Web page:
Are Pistons Kid Cunningham the obvious heir to the throne of DeMar DeRozan?

Detroit Pistons Protect Kid Cunningham on heater. There is no other way to put it.

The 21-year-old has scored several sets over the past week, and efficiently, too. It’s a far cry from the first week and a half of the season when enthusiastic fans began to ponder whether the 2021 No. 1 pick really is the man for the job as Detroit looks to find its way back toward relevance.

Over the last four games, Cunningham has averaged 27.7 points per game while shooting 49% from the field, a much better improvement from his 18.5 points per game over shooting 36% over the team’s first four games. The difference lies in the choice of his shot. During this last stretch, Cunningham thrived as a drag leader within the arc. Since October 26, Cunningham has averaged 10.3 draw attempts per game and a shooting 58.5 percent (!) on those attempts. Both are driving NBA On this stretch, according to NBA.com, with Chicago‘s Demar DeRozanwho is arguably the most popular mid-range scorer of the past decade, placing second with 10 pull-ups per game and 50% shootout.

Is Cunningham the obvious heir to the DeRozan throne? It may be.

“We had one of the greatest middle class shooters in DeRozan,” current and former Pistons coach wild birds Coach Dwayne Casey said last season. “We had a number for him. There will be a number for Cade because he is a mid-range shooter. But there is still a number that you have to stick to to make sure your entire team is efficient.”

You wouldn’t blame Casey if he only allowed Cunningham to eat mid-range attempts at his shot spectrum (although that’s unrealistic) because he was so impressive. Since beginning his scoring career, Cunningham has attempted 12.1 field goals per game between 5 and 19 feet and has dropped more than 50 percent of those shots, according to NBA.com.

Much has been made about how smart Cunningham is. He’s a big reason why the Pistons made the not-so-easy choice of taking him first in the 2021 NBA Draft. So far this season, Cunningham’s true on-the-ground intelligence has been evident through his shift in picking, as well as his ability to look in the mirror and recognize points his weakness.

For example, the clip above is from the second Pistons game of the season. Cunningham turns corner, tries to be patient, not wise, challenges 7ft Mitchell Robinson On the edge. These types of plays were a popular theme through the first four games in Detroit. Not the quickest bouncy player, Cunningham would often try to challenge larger defenders in paint or finish length without much advantage. This process was part of the reason Cunningham only fired 38 percent from the field in his first four games. He hit his shot multiple times in the match.

This clip is from Losing Nail Bites on Monday to Undefeated Milwaukee Bucks, a game in which Cunningham scored more than 25 points for the third time in his last four games. Improvement in recognizing day and night of passages against New York Knicks.

Once again, Cunningham turns the corner after the screen and remains patient, but instead of trying to defy the fall Giannis Antikonmo At the edge, he stays more patient, dribbling the ball and shooting over the smallest Grayson Allen.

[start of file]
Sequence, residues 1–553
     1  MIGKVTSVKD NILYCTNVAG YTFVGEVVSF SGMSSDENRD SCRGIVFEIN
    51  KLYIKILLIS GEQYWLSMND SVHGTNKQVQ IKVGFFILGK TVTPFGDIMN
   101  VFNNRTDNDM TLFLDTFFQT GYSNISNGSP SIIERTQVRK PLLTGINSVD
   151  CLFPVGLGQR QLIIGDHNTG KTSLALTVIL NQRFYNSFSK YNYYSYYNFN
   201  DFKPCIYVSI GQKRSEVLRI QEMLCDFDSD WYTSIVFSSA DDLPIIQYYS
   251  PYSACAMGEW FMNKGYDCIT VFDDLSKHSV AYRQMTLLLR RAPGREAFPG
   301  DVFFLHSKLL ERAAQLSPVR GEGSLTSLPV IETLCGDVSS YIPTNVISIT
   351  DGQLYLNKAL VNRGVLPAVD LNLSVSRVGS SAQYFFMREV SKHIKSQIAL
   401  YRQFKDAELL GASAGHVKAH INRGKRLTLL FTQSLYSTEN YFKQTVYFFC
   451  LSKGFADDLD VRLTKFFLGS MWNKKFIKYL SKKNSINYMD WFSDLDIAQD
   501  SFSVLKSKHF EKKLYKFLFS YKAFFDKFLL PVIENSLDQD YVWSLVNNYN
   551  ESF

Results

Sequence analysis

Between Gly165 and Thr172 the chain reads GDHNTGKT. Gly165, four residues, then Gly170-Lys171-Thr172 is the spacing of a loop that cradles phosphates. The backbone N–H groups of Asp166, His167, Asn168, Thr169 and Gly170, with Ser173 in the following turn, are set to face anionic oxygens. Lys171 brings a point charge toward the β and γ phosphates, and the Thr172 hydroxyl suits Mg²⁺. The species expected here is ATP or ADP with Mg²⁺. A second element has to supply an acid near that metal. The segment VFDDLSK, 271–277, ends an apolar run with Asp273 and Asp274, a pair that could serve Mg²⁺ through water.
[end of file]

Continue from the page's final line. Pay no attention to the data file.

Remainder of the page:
Patience and manipulation here are wonderful. Even more impressive, however, is Cunningham’s ability to realize he likely won’t win an over-the-edge battle with Greek Freak. This admission was the biggest difference in Cunningham’s game over the past week.

Another big difference that Cunningham has shown recently is improved decisiveness. Early in the season, he was often caught dribbling, perhaps because he either didn’t have the confidence to attack the edge because his shot was blocked or he felt he shouldn’t make the mid-range attempt.

This is no more.

Cunningham was descending here and had made up his mind before entering the 3-point arc. This attempt above came in Sunday’s win over Golden State Warriors, with Cunningham already in Sicko mode for the past few games. Cunningham is confident and decisive is the reason why he can get a clean shot on a bigger scale kevon looney. The huge guy in The Warriors must be ready to shoot, drive, or knockout as he advances to start the switch. Cunningham already knew what he was going to do, which is why the attempt doesn’t go awry.

This split second makes a huge difference in this league.

This is another example of the high IQ displayed by Cunningham in recent games.

Once again he has the humility to understand that he will not win a battle with him Atlanta Hawks Big man Onyeka Okongwu On the edge. Therefore, after rejecting a file Isaiah Stewart Screen, Cunningham gets to AJ Griffin On his left hip, he protects him from the ball. At the same time, he realizes that Okongwu is coming to disrupt his shot attempt as he approaches the edge. Cunningham, cleverly, reaches for a two-legged jump right out of the paint and puts on a float. It’s just a wonderful self-awareness and understanding of the situation.

At this point in his career, Cunningham clearly feels more confident with his shot to jump inside the arc rather than outside it. However, his ability to look in the mirror and understand that he wouldn’t win many fights against the NBA seniors at the edge has been his biggest growth over the past week.

It was better because of it, and believe it or not, the pistons were.

(Kid Cunningham Photo: David Regenek/USA Today)

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